The Great Resignation


Jemiah Clemons

At the tail end of the pandemic, workers feel fed up with pay and working conditions. This led to the Great Resignation across various careers and jobs. Restaurants, for example, have gone understaffed and frequently close because of an influx of customers with no staff to serve them. This not only affects small businesses but large corporations as well.

Jemiah Clemons, Opinions Editor

As of September 2021, over 4 million Americans quit their jobs. The mass departures led to a movement called ‘The great resignation’. Factory workers, fast food employees, healthcare providers and even school teachers have quit their jobs and added to the massive statistic of unemployed Americans. Minimum wage, under-compensation, mistreatment and vaccine mandates all aided in this movement.

With over half a million people dead from the virus, hospitals overflowed with patients. At certain periods throughout 2020 and 2021, hospitals nationwide ran out of rooms and beds. In an instance of panic, Emory Hospital in Atlanta, Georgia announced directions on how to handle a stroke, heart attack or seizure. They did this in an effort to relieve Emergency Room employees and slow down the number of patient admissions. As a result of a large number of patients, the nurse-to-patient ratio did not favor the healthcare providers. Undercompensation plagues the healthcare field. Becker Hospital Review reports that 18% of healthcare workers have quit their jobs for various reasons. The call for change among healthcare workers influenced teachers and began a new wave of resignations.

“People do not get paid enough to deal with the disrespect they receive. Then there are also people who are quitting simply to collect a check. Even before COVID, fast food workers did not deserve the disrespect and deserved higher wages. Teachers are underpaid as well. They are in charge of raising the next generation of the working class. People place a stigma on fast-food workers but are the same ones waiting in the drive-thru line. These people are doing a service, but they do not have to do it,” Senior Erica Holder said.

From in-person learning to an online alternative, teachers at every level faced a new academic challenge. The pandemic forced teachers to devise new lesson plans and adjust their teaching styles. Teachers, especially of younger students, serve as an added parental unit. Through the transition from in-person to online school, teachers found difficulty in offering a safe space along with providing interaction and support students can only receive from a teacher.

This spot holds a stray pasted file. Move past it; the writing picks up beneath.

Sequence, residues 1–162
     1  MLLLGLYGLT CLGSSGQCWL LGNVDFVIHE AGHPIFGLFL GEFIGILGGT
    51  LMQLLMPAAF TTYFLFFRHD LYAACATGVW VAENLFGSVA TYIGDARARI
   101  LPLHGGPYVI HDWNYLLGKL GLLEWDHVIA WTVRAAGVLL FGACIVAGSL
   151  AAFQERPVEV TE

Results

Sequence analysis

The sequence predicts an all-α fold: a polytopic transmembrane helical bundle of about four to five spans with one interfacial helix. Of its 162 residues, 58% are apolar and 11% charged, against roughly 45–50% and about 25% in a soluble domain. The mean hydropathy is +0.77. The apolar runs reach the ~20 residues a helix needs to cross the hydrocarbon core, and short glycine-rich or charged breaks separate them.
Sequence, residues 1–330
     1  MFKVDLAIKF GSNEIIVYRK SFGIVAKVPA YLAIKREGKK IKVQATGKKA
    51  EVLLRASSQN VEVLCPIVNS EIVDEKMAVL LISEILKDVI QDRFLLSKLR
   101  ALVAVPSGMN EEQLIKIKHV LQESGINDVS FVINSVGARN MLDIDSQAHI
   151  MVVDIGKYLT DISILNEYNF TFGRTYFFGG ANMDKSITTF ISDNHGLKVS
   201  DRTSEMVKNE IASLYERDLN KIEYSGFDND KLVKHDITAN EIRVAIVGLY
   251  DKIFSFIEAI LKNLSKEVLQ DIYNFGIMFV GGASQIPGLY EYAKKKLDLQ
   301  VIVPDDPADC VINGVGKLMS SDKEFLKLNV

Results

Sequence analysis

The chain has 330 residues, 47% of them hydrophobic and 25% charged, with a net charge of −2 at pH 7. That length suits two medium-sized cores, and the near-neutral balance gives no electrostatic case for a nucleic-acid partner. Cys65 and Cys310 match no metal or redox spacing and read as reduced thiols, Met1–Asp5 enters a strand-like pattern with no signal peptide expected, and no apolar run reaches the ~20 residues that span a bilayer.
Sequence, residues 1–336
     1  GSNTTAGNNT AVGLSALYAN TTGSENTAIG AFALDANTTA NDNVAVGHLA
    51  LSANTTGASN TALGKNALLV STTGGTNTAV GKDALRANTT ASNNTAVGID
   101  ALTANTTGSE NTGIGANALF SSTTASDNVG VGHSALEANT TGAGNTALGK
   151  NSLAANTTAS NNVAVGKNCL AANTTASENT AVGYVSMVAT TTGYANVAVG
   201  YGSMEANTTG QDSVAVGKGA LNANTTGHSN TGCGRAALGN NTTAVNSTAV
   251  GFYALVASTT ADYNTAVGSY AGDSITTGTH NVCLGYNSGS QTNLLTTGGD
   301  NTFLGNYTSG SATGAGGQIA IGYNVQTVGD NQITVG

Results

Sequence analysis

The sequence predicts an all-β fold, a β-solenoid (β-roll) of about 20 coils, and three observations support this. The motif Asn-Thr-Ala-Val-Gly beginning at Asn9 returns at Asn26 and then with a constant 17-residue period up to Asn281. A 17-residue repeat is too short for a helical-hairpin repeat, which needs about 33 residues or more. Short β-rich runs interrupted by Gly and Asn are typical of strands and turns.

Now that students around the country have returned to school, teachers face a new set of challenges. According to several teachers at NC, a large number of students need to repeat courses or simply do not care to continue with school. Teachers must now play the roles of teacher, friend, parental figure, counselor and comforter to at least 20 students. The overwhelming stress and added responsibility have led to the resignation of 1 in 4 public school teachers.

“It has not crossed my mind thus far. I am so close to retirement that I won’t drop the ball now. Some younger teachers may think differently and want to find something else to do career-wise. Transitioning from in-person to online was difficult for us. It felt like we [teachers] were working so much, but students were not able to provide the same effort,” AP literature teacher Kathy Ezzell said.

The great resignation led to mass migration from working in person to working from home. The pandemic, along with other factors, prevented people from going to work in person while working remotely provided plenty of Americans with the convenience to stay home, take care of their children and create their own work environment. This will continue to reshape the workforce in several aspects. Employees at different companies must no longer deal with irritating commutes, pesky co-workers, odd break room smells, and the micromanaging superior at every corner. 

Throughout the course of 2021, news outlets referred to this movement as a “labor shortage”. Those who left their jobs argued that they made more money from a monthly unemployment check than they did at work. In Georgia, a citizen on unemployment can make as low as $55 and a maximum of $365 weekly. The Biden Administration administered $1,400 stimulus checks to those eligible. The U.S. government made a total of three stimulus payments to eligible recipients. For the first time in April 2020, again in January of 2021, and for a third time in March of 2021. Those three deposits compile more money than someone making minimum wage would earn in one year of working. 

“I think we’re severely underpaid. A lot of us don’t even make $9 and we’re expected to take all of the disrespect from our customers. A lot of times we’re disrespected for things that aren’t necessarily our fault. No one can make a living working in fast food,” senior and Arby’s employee Solange Griffith said.

As factory workers go on strike and demand fair treatment, the great resignation will continue. The workforce Americans once knew will never return. Working remotely and demanding better conditions and pay will continue to plague society until a notable change is made. The great resignation does not serve as a temporary fix, but rather a loud movement that demands attention.